District Nine, Richard Rive’s Buckingham Palace, District Six

 

Richard Rive's novel provides entertaining background to Richard Rive's dynamic new film.

Richard Rive's novel provides entertaining background to Richard Rive's dynamic new film.

 

Dunreith, Aidan, Diane and I saw District Nine on Saturday.

The tale about what happens when an evil, multi-national munitions-selling corporation and the post-apartheid government start to remove the 1.8 million aliens who live in a segregated area near with the aliens’ ship landed a generation earlier has got all kinds of fun: memorable special effects; plenty of blood- and alien innard-splattering action; and a touching if predictable love story between seemingly ineffectual government agent Wikus Van der Merwe and his wife Tania. 

It also has plenty of social commentary.

The Peter Jackson-produced film is based on events surrounding South Africa’s District Six, which during the apartheid area was a vibrant,  mutli-racial but largely mixed-race or “Colored” community that was razed in the mid-60s under the notorious Group Areas Act.  

The late novelist Richard Rive wrote an entertaining novel, Buckingham Palace, District Six, about what was destroyed during the forced relocations that provide much of the basis for the current film. 

The palace in the book’s title refers to a row of five houses in which there is plenty of action and little, if any, payment of rent.  

Two of the major characters are Zoot September, the ringleader of a group of men who evoke John Steinbeck’s cast of characters in Cannery Row, and Mary, the leader of a group of prostitutes, all of whom seem to possess a heart of gold.  

A District Six native, Rich intersperses the action between the characters with three authorial reflections that take place over the course of 15 years starting in 1955 and that tell the story of the neighborhood’s heyday, impending destruction and downfall.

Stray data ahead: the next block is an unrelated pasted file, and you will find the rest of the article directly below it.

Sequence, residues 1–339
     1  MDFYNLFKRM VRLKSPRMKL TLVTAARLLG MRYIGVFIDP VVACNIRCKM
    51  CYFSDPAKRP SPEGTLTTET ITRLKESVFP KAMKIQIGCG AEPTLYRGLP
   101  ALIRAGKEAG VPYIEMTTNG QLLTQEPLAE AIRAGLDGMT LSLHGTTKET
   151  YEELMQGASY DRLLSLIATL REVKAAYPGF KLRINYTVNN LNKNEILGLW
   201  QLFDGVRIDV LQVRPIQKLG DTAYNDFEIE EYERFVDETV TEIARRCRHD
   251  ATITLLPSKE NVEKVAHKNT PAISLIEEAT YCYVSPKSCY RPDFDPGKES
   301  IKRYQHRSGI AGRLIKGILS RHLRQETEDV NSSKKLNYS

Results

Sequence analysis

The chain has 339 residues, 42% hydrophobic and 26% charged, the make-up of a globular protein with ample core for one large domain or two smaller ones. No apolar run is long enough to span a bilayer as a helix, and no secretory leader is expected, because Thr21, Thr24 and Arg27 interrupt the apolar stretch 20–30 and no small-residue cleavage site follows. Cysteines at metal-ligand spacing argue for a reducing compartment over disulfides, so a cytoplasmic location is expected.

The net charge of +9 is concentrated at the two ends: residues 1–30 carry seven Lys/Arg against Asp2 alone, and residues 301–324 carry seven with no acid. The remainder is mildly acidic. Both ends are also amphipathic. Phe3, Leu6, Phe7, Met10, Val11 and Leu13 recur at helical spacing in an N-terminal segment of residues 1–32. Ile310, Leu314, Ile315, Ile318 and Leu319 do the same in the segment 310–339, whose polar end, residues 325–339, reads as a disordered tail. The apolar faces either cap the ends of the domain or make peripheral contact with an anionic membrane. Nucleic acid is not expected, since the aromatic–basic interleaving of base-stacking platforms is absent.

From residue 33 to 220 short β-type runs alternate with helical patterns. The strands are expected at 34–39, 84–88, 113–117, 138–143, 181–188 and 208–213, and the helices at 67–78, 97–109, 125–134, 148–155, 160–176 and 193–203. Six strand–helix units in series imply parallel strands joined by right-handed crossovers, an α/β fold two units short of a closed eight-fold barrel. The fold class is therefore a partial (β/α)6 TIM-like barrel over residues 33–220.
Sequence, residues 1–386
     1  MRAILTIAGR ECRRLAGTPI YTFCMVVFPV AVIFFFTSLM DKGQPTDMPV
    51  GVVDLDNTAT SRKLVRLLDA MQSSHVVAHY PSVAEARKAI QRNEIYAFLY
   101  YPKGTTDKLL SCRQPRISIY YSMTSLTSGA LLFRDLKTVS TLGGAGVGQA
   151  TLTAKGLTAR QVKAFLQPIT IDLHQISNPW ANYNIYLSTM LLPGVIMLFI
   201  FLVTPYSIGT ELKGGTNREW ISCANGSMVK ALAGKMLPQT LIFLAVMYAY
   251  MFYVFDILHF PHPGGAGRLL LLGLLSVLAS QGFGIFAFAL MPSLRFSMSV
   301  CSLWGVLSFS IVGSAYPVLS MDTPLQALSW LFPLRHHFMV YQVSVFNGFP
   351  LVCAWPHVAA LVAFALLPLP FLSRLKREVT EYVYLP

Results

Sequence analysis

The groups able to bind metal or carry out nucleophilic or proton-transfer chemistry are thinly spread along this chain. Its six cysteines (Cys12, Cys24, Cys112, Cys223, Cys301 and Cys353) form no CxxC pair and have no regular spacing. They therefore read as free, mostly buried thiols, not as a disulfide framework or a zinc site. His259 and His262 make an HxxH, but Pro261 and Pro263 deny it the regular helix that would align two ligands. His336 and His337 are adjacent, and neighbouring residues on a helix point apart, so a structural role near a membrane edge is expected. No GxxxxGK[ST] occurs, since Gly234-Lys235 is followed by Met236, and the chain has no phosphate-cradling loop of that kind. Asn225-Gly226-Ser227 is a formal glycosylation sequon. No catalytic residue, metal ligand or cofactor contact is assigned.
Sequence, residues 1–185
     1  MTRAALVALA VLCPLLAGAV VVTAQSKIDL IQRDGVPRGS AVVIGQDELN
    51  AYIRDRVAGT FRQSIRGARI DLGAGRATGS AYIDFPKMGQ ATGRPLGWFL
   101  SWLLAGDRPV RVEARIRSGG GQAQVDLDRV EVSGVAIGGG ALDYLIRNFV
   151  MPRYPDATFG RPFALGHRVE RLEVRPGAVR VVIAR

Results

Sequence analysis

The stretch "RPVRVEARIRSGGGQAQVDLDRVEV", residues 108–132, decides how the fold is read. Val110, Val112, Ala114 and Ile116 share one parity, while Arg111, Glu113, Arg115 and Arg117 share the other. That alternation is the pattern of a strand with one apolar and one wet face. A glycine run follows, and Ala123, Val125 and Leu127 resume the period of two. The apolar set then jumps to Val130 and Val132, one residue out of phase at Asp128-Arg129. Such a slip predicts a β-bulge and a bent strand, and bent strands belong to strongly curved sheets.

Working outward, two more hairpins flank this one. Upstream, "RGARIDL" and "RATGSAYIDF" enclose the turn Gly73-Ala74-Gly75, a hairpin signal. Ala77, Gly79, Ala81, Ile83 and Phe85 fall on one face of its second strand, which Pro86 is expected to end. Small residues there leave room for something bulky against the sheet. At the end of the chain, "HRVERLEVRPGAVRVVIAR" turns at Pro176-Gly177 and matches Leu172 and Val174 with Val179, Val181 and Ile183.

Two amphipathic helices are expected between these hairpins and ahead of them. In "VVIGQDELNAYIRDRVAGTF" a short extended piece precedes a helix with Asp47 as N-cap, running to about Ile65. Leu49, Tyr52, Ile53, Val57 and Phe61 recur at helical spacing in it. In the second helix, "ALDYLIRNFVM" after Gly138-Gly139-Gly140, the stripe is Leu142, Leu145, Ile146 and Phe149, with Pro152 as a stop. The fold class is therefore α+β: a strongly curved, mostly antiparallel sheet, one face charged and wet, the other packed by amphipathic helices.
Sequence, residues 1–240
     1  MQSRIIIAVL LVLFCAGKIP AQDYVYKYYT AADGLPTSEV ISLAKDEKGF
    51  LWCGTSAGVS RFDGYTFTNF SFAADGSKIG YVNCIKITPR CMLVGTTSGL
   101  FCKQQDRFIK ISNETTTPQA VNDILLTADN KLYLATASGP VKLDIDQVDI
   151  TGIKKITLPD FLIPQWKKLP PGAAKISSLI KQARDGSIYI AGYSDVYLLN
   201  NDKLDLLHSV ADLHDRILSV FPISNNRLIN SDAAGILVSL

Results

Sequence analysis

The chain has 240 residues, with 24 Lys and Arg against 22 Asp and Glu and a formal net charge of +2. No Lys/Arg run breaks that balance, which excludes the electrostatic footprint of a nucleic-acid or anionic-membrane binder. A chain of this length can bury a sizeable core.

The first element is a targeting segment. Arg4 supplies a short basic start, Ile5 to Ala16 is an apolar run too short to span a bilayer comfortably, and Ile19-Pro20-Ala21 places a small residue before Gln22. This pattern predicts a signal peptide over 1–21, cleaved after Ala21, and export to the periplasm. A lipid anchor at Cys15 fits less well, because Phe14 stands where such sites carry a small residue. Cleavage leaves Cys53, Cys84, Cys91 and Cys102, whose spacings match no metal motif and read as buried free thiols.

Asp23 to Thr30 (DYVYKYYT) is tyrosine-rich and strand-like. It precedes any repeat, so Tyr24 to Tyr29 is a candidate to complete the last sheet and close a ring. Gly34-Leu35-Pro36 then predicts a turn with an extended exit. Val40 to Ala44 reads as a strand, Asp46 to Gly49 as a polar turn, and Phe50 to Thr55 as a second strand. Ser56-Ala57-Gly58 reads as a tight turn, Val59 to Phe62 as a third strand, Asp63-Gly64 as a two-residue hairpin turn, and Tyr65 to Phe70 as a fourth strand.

A character whose dignity ascends as the book progresses is Katzen.  

For much of the book, he is a hapless landlord who tries unsuccessfully to collect rent and who is often the butt of jokes.  During a meeting to discuss what will happen to the area in the face of the proposed removals, however, he reveals that he is a German Jew who fled the Nazi regime and who will not comply with this different application of treating people of different races like untermenschen. 

Unfortunately, his son, a prosperous Johannesburg lawyer, has no such personal memory and feels no compunction to honor his father’s commitment. 

The palace is destroyed, the residents are dispersed and few physical reminders of the vital community are left behind. 

Zoot, who stands out among the cast as having a political sensibility, prepares to take up the struggle while also emphasizing the importance of passing the story of the district onto subsequent generations. 

To some degree his desires have materialized.

A museum exists to honor the people of District Six during its heyday and a small number of residents have returned to the area from which they were forcibly removed. 

It’s by no means what it was, but it does help keep the story and memory of this area alive.  

Jackson’s film, which seems ripe for a sequel, helps do this, too.  For those wanting to learn more about the film’s background, Rive’s novel is a fine place to start.

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